Winning Poems for May 2009

Judged by Duncan Mercredi

First Place


by Tim Blighton
Desert Moon Review

for Karen

What can I do? My fingertips have rope burns,
but the sky has been quiet for days. Nightly,
I roam a sea of barstools with nothing more
than shot glasses for ballast, while all doors exit

into a spinning compass of neon stars
and vomit. Sometimes, the difference
between coursing the tradewinds or drifting alone
is an unspoken lie between strangers.

The eye accepts all it can: the glare
of snow, the black of velvet
in a ring case, or the old note
on a steamy mirror. Without light

we would have less to presume. We
might accept our accidents and causality
as reminders that we can’t always
see where we’re going.

The moon is a busker, borrowing as it travels.
I contemplate light refracting in the empty
glass in front of me. The bartender leaves
the bottle; from the counter, it is fluorescent.

You find me in a mouth of sediment, worn
by the sun’s returning tides. Your hair is hemp
woven with lilacs and anchored
to your prayer beads, dangling between

us. I sink, unable to decide. Your hands
open into a butterfly (mariposa you say).
The narrow alleys flood with snow-melt. Your smile,
angular and nomadic, is cast

into the busy streets as you turn. Let me release
your hair and draw it close; let me set sail.

"I roam a sea of barstools with nothing more than shot glasses for ballast, while all doors exit into a compass of neon stars and vomit." The above line by itself says it all. I have been there, I have sat next to this writer in every seedy bar, in every dive and have met all those night time companions that he hints have accompanied him on that great journey into the darkest recesses of humanity. Yet somehow he finds a beauty in this place and I too have found that same peace with these strangers. He just says it better than I could though I have tried. --Duncan Mercredi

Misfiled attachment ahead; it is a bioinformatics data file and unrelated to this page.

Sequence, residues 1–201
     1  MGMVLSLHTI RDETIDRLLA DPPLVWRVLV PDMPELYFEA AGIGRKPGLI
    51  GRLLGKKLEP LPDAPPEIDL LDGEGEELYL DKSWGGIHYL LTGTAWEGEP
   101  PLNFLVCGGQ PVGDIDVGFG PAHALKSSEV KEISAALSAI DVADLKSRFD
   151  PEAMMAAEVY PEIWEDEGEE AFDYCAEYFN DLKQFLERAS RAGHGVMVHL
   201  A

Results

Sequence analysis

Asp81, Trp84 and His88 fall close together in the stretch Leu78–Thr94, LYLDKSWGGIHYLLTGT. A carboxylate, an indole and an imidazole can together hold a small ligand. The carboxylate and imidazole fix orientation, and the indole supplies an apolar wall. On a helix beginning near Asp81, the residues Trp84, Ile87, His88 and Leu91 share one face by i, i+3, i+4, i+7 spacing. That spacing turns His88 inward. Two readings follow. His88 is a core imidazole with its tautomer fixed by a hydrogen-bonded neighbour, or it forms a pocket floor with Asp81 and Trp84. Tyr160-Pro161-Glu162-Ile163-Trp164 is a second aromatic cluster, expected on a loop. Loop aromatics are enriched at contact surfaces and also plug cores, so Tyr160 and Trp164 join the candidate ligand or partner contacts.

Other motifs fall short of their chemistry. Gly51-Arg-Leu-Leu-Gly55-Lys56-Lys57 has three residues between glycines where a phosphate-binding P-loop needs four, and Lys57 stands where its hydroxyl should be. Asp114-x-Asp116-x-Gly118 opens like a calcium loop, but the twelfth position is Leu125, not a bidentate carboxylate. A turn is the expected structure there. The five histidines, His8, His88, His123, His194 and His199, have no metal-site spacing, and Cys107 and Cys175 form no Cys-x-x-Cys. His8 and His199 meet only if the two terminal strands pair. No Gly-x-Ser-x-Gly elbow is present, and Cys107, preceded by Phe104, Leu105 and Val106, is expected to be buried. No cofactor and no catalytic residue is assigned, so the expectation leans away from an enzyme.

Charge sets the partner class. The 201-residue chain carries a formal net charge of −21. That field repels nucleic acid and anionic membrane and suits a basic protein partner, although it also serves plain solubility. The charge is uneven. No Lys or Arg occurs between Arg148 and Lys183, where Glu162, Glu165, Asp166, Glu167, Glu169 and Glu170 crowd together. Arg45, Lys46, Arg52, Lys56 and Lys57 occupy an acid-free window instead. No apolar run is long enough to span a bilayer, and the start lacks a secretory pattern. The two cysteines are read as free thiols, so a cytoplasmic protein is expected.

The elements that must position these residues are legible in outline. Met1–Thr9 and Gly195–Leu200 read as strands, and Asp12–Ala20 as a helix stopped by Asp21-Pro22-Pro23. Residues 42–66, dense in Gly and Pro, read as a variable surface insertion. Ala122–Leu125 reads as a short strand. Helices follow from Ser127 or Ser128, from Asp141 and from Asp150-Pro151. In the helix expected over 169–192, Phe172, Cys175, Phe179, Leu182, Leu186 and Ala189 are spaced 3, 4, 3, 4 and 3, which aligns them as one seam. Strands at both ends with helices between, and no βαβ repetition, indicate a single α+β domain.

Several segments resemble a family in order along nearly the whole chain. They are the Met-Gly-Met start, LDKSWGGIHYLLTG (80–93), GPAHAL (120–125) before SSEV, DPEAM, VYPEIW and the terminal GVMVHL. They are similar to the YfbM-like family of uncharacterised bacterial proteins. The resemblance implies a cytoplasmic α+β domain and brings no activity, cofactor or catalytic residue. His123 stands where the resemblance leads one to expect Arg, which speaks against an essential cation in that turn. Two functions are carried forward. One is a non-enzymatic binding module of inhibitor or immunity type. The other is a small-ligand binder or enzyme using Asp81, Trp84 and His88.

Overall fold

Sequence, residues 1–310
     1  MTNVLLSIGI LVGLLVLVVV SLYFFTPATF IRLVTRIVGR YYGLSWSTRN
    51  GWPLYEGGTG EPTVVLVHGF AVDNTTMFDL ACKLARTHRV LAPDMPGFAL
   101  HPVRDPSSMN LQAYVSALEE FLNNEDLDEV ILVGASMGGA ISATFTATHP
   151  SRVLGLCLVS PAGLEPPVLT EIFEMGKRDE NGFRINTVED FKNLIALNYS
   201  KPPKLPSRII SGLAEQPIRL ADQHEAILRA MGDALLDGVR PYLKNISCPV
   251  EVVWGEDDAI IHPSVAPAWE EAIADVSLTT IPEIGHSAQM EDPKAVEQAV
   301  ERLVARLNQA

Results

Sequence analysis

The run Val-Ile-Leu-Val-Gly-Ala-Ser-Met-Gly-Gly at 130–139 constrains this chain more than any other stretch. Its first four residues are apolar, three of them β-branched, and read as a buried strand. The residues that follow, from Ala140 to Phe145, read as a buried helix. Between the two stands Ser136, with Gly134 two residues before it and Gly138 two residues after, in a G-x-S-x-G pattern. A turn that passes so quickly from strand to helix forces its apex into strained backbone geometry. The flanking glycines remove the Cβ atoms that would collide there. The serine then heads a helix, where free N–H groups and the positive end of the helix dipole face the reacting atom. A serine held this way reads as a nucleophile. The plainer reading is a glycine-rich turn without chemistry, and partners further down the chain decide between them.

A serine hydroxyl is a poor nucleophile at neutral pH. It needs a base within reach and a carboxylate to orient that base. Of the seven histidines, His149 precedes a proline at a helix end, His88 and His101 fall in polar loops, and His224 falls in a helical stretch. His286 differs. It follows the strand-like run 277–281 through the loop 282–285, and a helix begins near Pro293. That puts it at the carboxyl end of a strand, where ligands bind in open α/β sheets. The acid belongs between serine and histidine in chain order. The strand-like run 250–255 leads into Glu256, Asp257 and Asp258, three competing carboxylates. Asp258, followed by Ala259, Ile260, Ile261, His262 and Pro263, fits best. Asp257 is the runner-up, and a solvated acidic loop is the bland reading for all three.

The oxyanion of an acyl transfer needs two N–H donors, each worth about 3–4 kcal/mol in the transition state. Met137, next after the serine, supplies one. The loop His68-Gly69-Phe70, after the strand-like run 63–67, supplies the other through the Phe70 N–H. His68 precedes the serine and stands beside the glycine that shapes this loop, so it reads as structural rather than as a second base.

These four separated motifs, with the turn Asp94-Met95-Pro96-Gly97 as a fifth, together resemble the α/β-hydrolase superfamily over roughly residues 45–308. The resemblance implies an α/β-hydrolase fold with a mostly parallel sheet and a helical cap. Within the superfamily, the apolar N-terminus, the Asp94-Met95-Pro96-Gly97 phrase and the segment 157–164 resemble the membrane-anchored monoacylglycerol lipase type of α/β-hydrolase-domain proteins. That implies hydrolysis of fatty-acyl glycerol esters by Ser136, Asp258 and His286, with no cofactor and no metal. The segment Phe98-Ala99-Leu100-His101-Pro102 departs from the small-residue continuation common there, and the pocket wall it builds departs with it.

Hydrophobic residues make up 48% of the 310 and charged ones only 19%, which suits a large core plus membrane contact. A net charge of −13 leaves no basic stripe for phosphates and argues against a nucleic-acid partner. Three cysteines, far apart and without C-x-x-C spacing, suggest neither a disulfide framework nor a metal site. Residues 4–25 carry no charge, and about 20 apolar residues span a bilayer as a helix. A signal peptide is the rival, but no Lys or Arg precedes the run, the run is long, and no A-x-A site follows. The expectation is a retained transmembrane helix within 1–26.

Second Place

Evidence Hanging on a Rusty Nail

by Brian J. Mackay
Moontown Cafe

I found your old football boots this morning;
they were hanging on a rusty nail in the shed
next to my spare salmon fly rod.
Cobwebs stretched from lace to lace
and trailed from rubber studs like filigree.

You stored your trophies in a stained tea chest,
so I searched for evidence of silver laurels.
Each medal had a photograph for a partner;
black and white smiles from young boys,
all victorious, all proud of their triumphs.

The shed was dressed in dust and memorabilia;
shirts and socks and shorts, tiny rags for grimy
windows. Its boards were rotting and hinges
collapsing through years of careless abandonment
and sadness. I knew you couldn’t take me, brother.

I held your old football boots this morning,
they were where you always left them.
I’m going to polish them today, or tomorrow;
but now, I stroke the fifty franc statue you bought
in Lourdes, and rest my brow on your blue pillows.

How many times as one dug out old photographs and recalls days of laughter and tears? Well words can do the same, "each medal had a photograph for a partner" each line bringing with it a sense of loss, a feeling of sadness. Then another line, " I held your old football boots this morning, they were there where you always left them" and a smile forms recalling happier days. There is sadness here, some tears and hope, hope that somehow dressing up the old boots will bring a sense of closure. --Duncan Mercredi

Third Place

The Marsh at Dusk

by Steve Meador
FreeWrights Peer Review

I enter the marsh
with a rabbit’s foot,
a four leaf clover
and knowledge that evening
arrives from the west.
When the sun rests on the tallest reeds
I turn and carry it on my back.
My senses, stropped by adrenaline,
will lead me to the fleece of safety.
I taste thunder before it coagulates,
smell rain as it gathers in clouds.
A moccasin’s yawn rivals the bellow
of a fire-breathing bull. Gurgling,
from a gator’s nostrils, magnifies through
valleys of cattail stems, reaches my ears
as harpie screams. If scraping happens